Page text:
The Drowsy Chaperone

Music and lyrics by Lisa Lambert and Greg Morrison, book by Bob Martin and Don McKellar
Upstairs at the Gatehouse

The Drowsy Chaperone production photo by Lucy Young

Under Racky Plews' direction this spoof of a late 1920s musical is given a lively revival that does credit to this Highgate theatre. Set on the wedding day of a Broadway star the plot about keeping groom from seeing the bride and the marriage being called off may be pretty obvious but that's not important for it is the numbers and the format within which they are presented that make this show. We don't sit through the whole of the musical, we just get the best bits, as recorded on the show album, played by a passionate enthusiast on his radiogram.

Man in the Chair (he isn't even given a name) is the framing for the show, sitting in the dark playing his LP and explaining its high points to us. Matthew Lloyd Davies makes him a real geek and the production places him and his record player bang in the centre of things. Everything happens around him as the musical's characters come to life in his living room and kitchen. The intimacy of this theatre not only supports his contact with the audience but, with the actors almost in your lap, sometimes directly interacting with individuals, this really becomes a thing spirited up in the imagination not a show up there on a stage.

Pop, rap and grunge it isn't, nor some rock band's song book given a stage format. It's a show for those who love old musicals, good tunes and lively dancing, a show-biz romance from the days before Oklahoma and West Side Story.

The Drowsy Chaperone began life as an entertainment as a wedding present for two members of Toronto's Second City concert troupe, put together by their mates, and here it still has that personal directness and exuberance as well as clever choreography from Fabian Aloise, an enthusiastic company and some strong voices. Its delicious send-up is delivered with great affection and skilful timing.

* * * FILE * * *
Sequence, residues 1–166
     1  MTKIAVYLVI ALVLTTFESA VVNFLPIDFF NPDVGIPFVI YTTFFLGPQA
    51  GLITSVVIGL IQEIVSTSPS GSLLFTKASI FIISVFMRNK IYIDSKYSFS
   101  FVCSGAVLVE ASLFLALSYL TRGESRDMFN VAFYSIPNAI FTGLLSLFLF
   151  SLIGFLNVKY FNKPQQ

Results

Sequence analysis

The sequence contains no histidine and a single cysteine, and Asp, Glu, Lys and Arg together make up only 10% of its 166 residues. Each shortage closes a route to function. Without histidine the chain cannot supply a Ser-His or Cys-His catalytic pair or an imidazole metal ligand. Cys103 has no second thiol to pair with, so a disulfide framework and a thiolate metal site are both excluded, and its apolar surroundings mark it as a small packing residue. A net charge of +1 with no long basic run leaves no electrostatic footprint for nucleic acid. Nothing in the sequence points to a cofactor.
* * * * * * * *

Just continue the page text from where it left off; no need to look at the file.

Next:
The title character, the tippling chaperone, isn't the lead - that's part of the joke - but that doesn't stop Siobhan McCarthy from grabbing a big share of the limelight with a suitably big performance, especially when paired with the ageing European stage Lothario Adolpho (Michael Howe). As the wedding couple Amy Diamond is a gorgeously high-kicking Janet (in some lovely frocks) and Ashley Day a suitably smug good-looking Robert who bursts into action in a lively tap routine, but this is essentially an ensemble show with a double act in Joe Parsons and Will Stokes' Mafia men, a camply proper butler from Ted Merwood, Graham Lappin's theatrical producer, Tanya Robb unbelievable high-pitched as squeaky dumb blonde Kitty and Ursula Mohan as the prohibition busting hostess.

Designer Martin Thomas gets his effects through the clever use of simple means but that doesn't stop him calling on multimedia techniques with the wittiest incorporation of video for Sophia Nomvete's rich-voiced Trix which manages to send up current theatre fashions as well as 1920s ones, and he does a lovely job in mounting the hilariously exotic oriental number (from a different show) that gets put on by mistake.

Run ends 31st October 2010

Reviewer: Howard Loxton

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